• But fishing and hunting are excellent here. Getting here is not easy, but if you do, you will not regret it, because the places near the Big Bear Lake are the most beautiful. And the settlements surrounding the lake are home to the indigenous Dene people and the "bear people" tipis. So if you have long dreamed of seeing real Indians (albeit quite modern, and not waving tomahawks), then you know where to go.
7. Baikal, Russia – 31 km²
In front of you is the deepest lake in the world, and this is far from the only interesting facts about Baikal. Its greatest depth reaches 1642 meters. Contains the largest reserves of fresh water. It is also the cleanest lake on the planet.
• Lake Baikal is located at an altitude of more than 455 meters above sea level and is home to 1000 plant species and 2500 animal species. One of the unique animals that have chosen Baikal is the freshwater seal or the Baikal seal. Until now, scientists do not know exactly how this animal ended up in the waters of the lake – either it sailed from the Arctic Ocean along the river system, or from the Lena River, into which there could be runoff from Baikal.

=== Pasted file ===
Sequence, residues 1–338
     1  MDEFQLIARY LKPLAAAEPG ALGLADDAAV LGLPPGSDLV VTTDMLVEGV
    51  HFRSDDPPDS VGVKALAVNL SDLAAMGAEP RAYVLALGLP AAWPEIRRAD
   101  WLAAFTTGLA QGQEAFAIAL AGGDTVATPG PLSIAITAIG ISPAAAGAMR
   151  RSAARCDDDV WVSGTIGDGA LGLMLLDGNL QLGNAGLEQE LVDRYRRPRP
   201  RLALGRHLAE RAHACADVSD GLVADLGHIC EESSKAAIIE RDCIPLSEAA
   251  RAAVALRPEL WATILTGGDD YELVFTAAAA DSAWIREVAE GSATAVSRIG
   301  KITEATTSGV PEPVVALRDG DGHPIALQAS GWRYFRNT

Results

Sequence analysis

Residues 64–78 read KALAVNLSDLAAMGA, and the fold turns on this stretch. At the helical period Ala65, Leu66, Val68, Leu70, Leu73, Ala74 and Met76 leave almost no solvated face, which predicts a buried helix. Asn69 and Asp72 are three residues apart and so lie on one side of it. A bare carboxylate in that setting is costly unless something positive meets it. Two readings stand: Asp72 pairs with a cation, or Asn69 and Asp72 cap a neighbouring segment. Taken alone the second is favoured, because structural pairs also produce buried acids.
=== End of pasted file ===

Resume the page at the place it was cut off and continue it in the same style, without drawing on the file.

• But having settled in a new place, the pinniped traveler still feels great, standing at the top of the food chain in the Baikal ecosystem. The only danger for the Baikal seal is a person.
6. Tanganyika, Africa – 32 km²
This great African lake is the second oldest freshwater lake in the world and, in addition, the longest freshwater lake in the world.
• More than 85 percent of the lake is located in Tanzania and DR Congo, and the rest is in Burundi and Zambia.
• Tanganyika is home to many crocodiles and hippos, as well as the ringed water cobra, one of the most beautiful and calm species of cobra in the world. Beginning terrarium owners even recommend these cobras as a first pet because of their peaceful nature.
5. Michigan, USA – 58 km²
It is part of the Great Lakes along with the Upper and Huron. These three lakes are connected into a single system by straits, but they are usually considered separate lakes.
• The vast shoreline of Lake Michigan is sometimes referred to as the "third shore" of the United States because of its long, beautiful beaches.